How To Growl Sing And Make It Sound Good Tuesday February 20 2024, 3:15 PM
Yona Marie
Singer, Songwriter, Producer.
How To Growl Sing And Make It Sound Good

How To Growl Sing 

Singing with a bit of growl in your tone comes with a bit of practice for most; it won't sound great the first few times you try it. Trust me, I've been through the process before, and I started out sounding like a weird animal before I really got the technique down. 

The good thing about learning this technique is that it's really fun (and funny) to try, especially if you're doing it with a group of your singing friends.

A good growl during a vocal performance can really do wonders for a performance. The main things you want to concentrate on with this technique are the ability to sound emotionally authentic and making sure you don't do any damage to your vocal cords in the process.  

First, Warm Your Voice Up Properly 

Before attempting any growl singing, ensure your voice is adequately warmed up. Start with gentle humming and lip trills to gradually increase vocal cord flexibility and blood flow. Move on to scales and arpeggios to fully prepare your voice.

Go for a Chest Or Mixed Voice Voice Growl

The chest voice is naturally richer and more robust, making it a safer foundation for growl singing. You can also benefit from using a mix of your chest and a voice to keep things light and go for a slightly higher pitch. 

This approach leverages the thicker vocal folds used in lower pitch production, which can handle the added stress better than the thinner folds used for higher pitches in your head voice.

Use Your False Vocal Cords

Engaging your false vocal cords (vestibular folds) for growl singing helps protect your true vocal cords from strain and damage. This technique requires a lot of practice to master, as it involves creating distortion without tension in the true vocal cords.

Start with gentle breathing exercises focused on diaphragmatic breathing to engage the correct support system.

Practice making a gentle sighing or coughing sound to become aware of your false vocal cords. This sensation is similar to the beginning of a yawn or the feeling you get when clearing your throat gently.

Gradually introduce this sensation into your singing, starting softly and at a low volume, focusing on maintaining relaxation in your true vocal cords.

Feel The Transition

For many growls, singers start with the gritty and then transition into the melodic note. In some heavy metal cases, they stick the growl for much longer or don't even transition to a note, but most other genres get into the melodic.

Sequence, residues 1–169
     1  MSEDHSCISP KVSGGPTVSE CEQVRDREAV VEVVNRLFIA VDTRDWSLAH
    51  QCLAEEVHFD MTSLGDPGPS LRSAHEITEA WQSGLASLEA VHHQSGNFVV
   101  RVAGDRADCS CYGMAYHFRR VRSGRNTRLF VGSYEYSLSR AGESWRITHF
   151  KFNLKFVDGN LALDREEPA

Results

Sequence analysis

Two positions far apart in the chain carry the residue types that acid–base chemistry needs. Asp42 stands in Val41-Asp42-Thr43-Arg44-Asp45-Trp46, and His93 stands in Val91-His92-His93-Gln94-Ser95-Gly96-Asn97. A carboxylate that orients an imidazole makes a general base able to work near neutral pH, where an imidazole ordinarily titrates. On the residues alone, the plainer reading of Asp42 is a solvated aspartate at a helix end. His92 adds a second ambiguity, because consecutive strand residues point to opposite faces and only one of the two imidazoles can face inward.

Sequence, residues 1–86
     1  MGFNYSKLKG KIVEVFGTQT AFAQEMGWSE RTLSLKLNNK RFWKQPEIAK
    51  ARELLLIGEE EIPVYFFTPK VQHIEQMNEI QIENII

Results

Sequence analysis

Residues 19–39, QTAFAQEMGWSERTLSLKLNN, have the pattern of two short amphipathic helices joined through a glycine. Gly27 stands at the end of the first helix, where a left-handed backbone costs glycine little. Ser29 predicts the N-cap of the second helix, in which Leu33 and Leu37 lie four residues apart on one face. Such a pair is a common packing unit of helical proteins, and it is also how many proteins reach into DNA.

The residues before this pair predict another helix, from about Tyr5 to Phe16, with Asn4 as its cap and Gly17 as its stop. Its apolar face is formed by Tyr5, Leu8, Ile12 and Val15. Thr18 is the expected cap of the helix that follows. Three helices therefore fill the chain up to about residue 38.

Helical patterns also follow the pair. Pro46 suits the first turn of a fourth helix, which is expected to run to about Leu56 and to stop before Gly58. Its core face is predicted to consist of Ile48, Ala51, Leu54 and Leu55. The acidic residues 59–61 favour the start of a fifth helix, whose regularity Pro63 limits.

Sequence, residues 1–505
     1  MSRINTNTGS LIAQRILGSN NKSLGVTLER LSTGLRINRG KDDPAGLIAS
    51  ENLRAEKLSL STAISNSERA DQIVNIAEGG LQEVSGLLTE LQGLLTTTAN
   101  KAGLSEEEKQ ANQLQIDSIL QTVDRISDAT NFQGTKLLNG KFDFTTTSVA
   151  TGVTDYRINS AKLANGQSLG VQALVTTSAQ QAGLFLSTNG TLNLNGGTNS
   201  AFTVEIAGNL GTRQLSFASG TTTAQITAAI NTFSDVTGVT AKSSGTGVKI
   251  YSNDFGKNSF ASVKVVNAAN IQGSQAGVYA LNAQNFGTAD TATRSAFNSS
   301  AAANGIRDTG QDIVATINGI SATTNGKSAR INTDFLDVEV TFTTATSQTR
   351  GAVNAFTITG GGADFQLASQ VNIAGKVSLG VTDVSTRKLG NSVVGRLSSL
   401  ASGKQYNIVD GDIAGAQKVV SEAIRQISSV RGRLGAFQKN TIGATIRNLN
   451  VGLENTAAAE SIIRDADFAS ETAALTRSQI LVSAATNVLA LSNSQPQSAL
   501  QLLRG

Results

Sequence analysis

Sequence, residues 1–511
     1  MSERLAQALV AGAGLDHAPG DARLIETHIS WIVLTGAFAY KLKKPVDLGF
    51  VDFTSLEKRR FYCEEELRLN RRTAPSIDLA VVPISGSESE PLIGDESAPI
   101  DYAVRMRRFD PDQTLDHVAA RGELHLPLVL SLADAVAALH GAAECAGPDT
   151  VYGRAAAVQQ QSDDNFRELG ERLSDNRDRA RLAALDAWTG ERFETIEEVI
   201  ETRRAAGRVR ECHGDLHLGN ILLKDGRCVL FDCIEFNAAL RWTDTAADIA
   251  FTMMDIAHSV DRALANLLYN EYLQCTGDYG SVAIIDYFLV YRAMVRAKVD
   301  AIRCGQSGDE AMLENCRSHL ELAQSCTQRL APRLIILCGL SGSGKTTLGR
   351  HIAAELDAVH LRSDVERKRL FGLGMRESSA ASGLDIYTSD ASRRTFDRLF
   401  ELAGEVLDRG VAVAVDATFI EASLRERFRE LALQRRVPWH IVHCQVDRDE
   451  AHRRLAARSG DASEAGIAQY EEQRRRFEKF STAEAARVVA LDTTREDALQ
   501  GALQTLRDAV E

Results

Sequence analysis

Begin with a simple note or a short, easy-to-sing melody. Growl on a comfortable pitch, then immediately transition into singing the same note cleanly. Focus on making the transition smooth and controlled.

The transition from growl to clean singing should be supported by a steady airflow.

Practice taking a deep breath using your diaphragm before you start growling, and maintain this support as you switch to singing. Your breath should act as a stable foundation throughout both parts of the vocalization.

Initially, practice the transition at a lower volume and intensity to reduce strain on your voice. As you become more comfortable, you can experiment with increasing both, paying close attention to maintaining proper technique.

Leave Vibrato Out Of It

Vibrato adds variation in pitch and can introduce a sense of warmth and richness to your singing. However, in the context of growl singing, especially when transitioning to a clean note, the absence of vibrato can create a clearer, more emotional contrast.

You want to go for a straight-tone sound that is more like a scream or a wail, which won't usually have vibrato associated with it. This will also help a lot with your pitch accuracy once you transition from the growl to the actual note. 

Don't Do It for Too Long

Growling is demanding on the voice, so it's essential to limit the duration of practice sessions and the use of growl singing in performances to prevent vocal fatigue and potential damage.

Stay hydrated, warm up properly before practicing, and rest your voice if you feel any discomfort. Remember, the goal is to add emotional depth and intensity to your performance without compromising vocal health.

Feel the Music

Emotional authenticity in growl singing comes from a deep connection to the music and the message you're conveying. Allowing yourself to fully feel the emotions of the song can make your growl more genuine and impactful.

Spend time with the lyrics and the melody, understanding the story or emotions behind the song. Visualize or emotionally connect with the song's message before and during your singing. This connection can help naturally guide the intensity and expression of your growl.

Record yourself and listen back. Assess not just the technical aspects of your growl but also whether the emotional content comes through in your performance.

Yona Marie

As a session singer, writer, and producer that has worked with over 300 clients to provide high-quality jingles, singles, and features, Yona spends her time creating and marketing new music and helpful resources for creators. Check out Yona’s latest releases on her Spotify, her Youtube and share if you like it!

If you are in need of singer, songwriter or song producer services, see what Yona Marie can offer you on her services page.

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